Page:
ANKARA: Arinc condemns Canadian House of Representatives Decision


Turkish Daily News
June 12, 2004

ANKARA – Speaker of Parliament Bulent Arinc sent a condemnation letter
to the Canadian House of Representatives President Peter Milliken
relating to a decision of the Canadian House of Representatives that
approved on April 21, 2004 the recognition of the so-called Armenian
Genocide and accepted it as crime of humanity.

Stating that the interpretation of the tragic event, which caused
the loss of lives during Ottoman rule in 1915, to wrong historical
data is a completely intolerable mistake, Arinc noted in his letter:
“Turkish Parliament believes that national parliaments are not the
right places to interpret historical events … National parliaments
should refrain from biased initiatives which carry the threat of
awakening hatred between the public upon the alleged and ungrounded
claims made by the marginal sectors of ethnic groups or third party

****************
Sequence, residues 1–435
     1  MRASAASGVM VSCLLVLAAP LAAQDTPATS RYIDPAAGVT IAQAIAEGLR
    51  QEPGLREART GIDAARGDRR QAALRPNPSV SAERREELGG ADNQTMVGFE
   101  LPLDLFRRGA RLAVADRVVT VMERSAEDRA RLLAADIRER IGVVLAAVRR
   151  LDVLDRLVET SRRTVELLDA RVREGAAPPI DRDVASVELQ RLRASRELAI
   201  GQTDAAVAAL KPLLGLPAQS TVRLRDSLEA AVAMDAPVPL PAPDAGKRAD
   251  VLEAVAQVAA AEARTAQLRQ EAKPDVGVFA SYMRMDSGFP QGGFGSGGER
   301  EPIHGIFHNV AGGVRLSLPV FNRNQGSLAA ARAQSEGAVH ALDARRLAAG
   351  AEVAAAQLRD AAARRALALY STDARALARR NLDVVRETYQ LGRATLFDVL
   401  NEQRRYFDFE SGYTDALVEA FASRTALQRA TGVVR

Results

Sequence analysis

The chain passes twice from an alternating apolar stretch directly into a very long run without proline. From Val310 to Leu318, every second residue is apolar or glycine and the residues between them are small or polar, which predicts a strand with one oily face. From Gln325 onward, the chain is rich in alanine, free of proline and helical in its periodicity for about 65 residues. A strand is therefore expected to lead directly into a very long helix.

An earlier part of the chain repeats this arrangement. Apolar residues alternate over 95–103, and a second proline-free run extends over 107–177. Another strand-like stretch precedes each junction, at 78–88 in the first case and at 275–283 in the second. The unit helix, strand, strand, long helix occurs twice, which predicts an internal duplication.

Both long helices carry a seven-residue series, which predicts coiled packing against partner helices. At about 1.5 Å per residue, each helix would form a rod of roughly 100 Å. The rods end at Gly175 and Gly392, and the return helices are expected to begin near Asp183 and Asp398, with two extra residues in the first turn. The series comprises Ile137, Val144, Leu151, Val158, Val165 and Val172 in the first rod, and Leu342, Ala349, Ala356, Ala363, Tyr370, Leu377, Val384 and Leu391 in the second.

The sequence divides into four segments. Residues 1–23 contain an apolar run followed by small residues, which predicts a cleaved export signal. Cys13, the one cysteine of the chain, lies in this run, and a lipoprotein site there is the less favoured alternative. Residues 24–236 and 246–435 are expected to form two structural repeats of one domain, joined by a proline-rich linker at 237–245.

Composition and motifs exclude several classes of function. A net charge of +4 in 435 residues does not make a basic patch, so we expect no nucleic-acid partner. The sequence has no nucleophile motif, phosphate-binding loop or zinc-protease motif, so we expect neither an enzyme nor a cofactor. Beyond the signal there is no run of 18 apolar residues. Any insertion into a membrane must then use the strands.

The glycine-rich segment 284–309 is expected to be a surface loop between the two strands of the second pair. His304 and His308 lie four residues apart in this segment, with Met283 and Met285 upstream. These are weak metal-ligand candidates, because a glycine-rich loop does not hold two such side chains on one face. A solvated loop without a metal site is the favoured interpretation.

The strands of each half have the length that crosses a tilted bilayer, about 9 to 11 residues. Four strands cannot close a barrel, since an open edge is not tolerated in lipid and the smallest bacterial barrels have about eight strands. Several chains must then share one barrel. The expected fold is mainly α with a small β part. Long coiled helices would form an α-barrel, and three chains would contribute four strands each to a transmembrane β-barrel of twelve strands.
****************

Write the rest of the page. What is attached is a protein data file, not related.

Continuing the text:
representatives about other nations.”

Indicating that, with this act, the Canadian House of Representatives
owns the responsibility of the negative developments that could
possibly develop between Turkey and Canada, Arinc stressed that
this decision fell in contradiction with the normalization efforts
of relations between the two neighbors Turkey and Armenia, in such a
sensitive part of the world. Arinc expressed Turkey’s sorrow for the
non-fulfilment of the responsibilities by those, who approved such a
humiliating and unjust decision, in such a sensitive period when the
world needs international solidarity and cooperation against violence
and intolerance.

The Armenians claimed that during the Ottoman Empire their ancestors
were executed for allegedly helping the invading Russian army during
World War I. Turkey, heir of the Ottoman Empire, rejects the genocide
claim, insisting that Armenians were killed in civil unrest during
the collapse of the Ottoman Empire.

Turkey has fought hard to block international attempts to raise the
issue of the alleged Armenian genocide, while Armenia — with its
seven-million strong diaspora — has been pressing for international
recognition of the so-called genocide.